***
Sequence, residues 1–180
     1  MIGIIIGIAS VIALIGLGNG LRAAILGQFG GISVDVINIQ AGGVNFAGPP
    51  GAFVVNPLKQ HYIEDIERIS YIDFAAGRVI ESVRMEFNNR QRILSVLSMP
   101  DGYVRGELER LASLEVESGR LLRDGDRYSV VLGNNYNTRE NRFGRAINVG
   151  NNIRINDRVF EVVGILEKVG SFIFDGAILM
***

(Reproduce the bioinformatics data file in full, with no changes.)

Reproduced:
Sequence, residues 1–180
     1  MIGIIIGIAS VIALIGLGNG LRAAILGQFG GISVDVINIQ AGGVNFAGPP
    51  GAFVVNPLKQ HYIEDIERIS YIDFAAGRVI ESVRMEFNNR QRILSVLSMP
   101  DGYVRGELER LASLEVESGR LLRDGDRYSV VLGNNYNTRE NRFGRAINVG
   151  NNIRINDRVF EVVGILEKVG SFIFDGAILM